I realize that it's been awhile since I posted any updates on the blog. I have been writing, just not online. Like many people in northern climes, I struggle through February. Perhaps it, not April, is the cruellest month. My mother often wondered if she suffered from SAD - quite possible, given her predisposition to mild depression. Thankfully (at least to my mind) this has been a bright snowy white winter for the most part, banishing the grey, damp weather that passes as an excuse for winter in these parts.
It's been a difficult month - probably only in part because of the winter blues. The mother of a dear friend of mine passed away recently after a long struggle with Parkinson's. I sat with her several afternoons in the week before her mom died, keeping her company, making sure she got out for a walk in the fresh air and a regular bite to eat. We talked, I knit, she held her mom's hand, sometimes we just sat quietly together. Looking on her mother sleeping, I remembered many tender, intimate hours spent with my own beloved mom in a similar setting.
It was an honour to be among the close circle that supported my friend during the precious waning days of her mother-daughter time. To quote a wise and simple line from Lars and the Real Girl "That's what people do." If we're lucky, we feel an empathy for those around us who are in pain and we do what we can to help them through. It's part of being human and, hopefully, in turn makes us ever more human.
Marking the first ever International Rare Disease Day, tonight's episode of The Agenda on TVO focussed on rare diseases and how people deal with everything that comes with them. One of the guests was Alison Agar, born with Polycystic Kidney Disease and a three-time kidney transplant survivor (obviously that caught my interest). Another of the other guests was Ian Brown who wrote so very eloquently and honestly about life with his son Walker in a series of articles, soon to be expanded on and published as a book. Each of the guests spoke not only of the medical condition but of how it impacted on everything in the family's life and beyond.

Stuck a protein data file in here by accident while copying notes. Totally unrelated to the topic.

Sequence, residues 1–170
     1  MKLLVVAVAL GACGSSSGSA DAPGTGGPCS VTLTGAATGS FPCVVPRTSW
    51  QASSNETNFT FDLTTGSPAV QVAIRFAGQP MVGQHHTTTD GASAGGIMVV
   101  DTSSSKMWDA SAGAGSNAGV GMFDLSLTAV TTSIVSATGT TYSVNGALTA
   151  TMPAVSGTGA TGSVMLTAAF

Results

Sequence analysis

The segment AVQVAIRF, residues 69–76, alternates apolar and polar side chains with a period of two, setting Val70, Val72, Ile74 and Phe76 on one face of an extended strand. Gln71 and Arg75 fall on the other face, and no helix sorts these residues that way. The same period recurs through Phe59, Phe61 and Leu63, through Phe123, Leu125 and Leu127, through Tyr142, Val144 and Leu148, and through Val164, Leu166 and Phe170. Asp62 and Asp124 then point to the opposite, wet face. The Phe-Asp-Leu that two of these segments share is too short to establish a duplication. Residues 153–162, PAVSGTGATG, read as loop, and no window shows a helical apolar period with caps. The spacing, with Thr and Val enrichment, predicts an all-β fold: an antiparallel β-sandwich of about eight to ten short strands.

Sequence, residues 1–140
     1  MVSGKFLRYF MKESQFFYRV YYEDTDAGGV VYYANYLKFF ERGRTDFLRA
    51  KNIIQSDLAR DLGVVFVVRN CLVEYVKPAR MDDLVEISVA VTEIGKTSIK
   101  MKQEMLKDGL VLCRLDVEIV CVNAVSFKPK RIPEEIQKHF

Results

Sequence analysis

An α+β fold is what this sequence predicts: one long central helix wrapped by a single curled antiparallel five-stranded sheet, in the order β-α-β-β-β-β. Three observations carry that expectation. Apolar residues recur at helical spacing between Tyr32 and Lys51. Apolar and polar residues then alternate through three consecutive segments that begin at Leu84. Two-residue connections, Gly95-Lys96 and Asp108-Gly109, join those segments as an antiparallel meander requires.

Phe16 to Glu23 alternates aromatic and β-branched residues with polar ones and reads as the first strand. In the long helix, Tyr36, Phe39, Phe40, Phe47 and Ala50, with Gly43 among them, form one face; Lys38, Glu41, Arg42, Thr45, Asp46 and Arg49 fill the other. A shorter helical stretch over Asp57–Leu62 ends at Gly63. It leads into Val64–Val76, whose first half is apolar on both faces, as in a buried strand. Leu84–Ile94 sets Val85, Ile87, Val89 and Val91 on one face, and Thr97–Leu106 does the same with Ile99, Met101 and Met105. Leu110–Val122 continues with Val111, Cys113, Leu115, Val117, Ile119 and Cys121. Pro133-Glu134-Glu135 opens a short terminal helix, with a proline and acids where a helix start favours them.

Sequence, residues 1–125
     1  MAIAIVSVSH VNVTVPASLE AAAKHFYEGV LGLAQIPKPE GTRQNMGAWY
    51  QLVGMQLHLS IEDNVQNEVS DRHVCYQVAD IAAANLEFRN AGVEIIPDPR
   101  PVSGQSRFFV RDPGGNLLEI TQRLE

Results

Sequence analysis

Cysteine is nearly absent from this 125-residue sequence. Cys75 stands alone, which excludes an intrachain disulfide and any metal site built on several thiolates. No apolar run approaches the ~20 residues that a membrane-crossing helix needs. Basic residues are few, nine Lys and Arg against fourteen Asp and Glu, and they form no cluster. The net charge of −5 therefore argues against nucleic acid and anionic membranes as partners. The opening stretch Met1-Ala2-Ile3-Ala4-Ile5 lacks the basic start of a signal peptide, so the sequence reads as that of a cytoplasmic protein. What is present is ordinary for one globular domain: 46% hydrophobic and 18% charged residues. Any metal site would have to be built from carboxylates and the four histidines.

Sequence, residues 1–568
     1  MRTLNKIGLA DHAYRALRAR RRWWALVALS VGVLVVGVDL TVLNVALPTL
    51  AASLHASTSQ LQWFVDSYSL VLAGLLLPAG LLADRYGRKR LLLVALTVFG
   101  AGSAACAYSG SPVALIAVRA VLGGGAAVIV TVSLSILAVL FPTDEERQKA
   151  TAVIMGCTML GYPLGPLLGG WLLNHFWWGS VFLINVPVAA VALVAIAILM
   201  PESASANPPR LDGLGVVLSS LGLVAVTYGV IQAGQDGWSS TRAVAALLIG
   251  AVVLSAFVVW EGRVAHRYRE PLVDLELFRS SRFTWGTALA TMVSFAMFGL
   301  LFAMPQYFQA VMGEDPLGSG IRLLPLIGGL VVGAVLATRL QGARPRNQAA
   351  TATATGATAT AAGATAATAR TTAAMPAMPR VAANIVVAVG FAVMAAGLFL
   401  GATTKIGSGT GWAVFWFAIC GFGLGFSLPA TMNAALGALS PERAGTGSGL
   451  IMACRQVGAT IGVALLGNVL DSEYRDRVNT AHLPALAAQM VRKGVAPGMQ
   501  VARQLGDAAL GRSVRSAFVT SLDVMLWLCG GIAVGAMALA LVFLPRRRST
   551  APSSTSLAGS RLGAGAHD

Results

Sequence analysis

A chronic illness becomes second nature, a lifestyle - albeit not one of choice. Illness - rare or not - never afflicts just the person with the condition. Like a pebble into a pool, it's effects radiate outwards to spouse, children, parents, friends, workplace, school, and so on, and so on. Illness is a "we" diagnosis, not an "I". Nonetheless, it often creates families where no blood ties exist even while we struggle to maintain the bare bones of a semblance of normalcy in the face of seemingly hopeless chaos. That's one of the few blessings of chronic illness... it can make us more human all the while robbing us of our physical strength and even our dignity.
I seem to have rambled on about lots of disparate topics but I guess at the core everything relates to being able to reach out, to help another may help to ease the weight of our own burdens, to feel for one another, to recognize the "we" in each other, no matter what that other face looks like.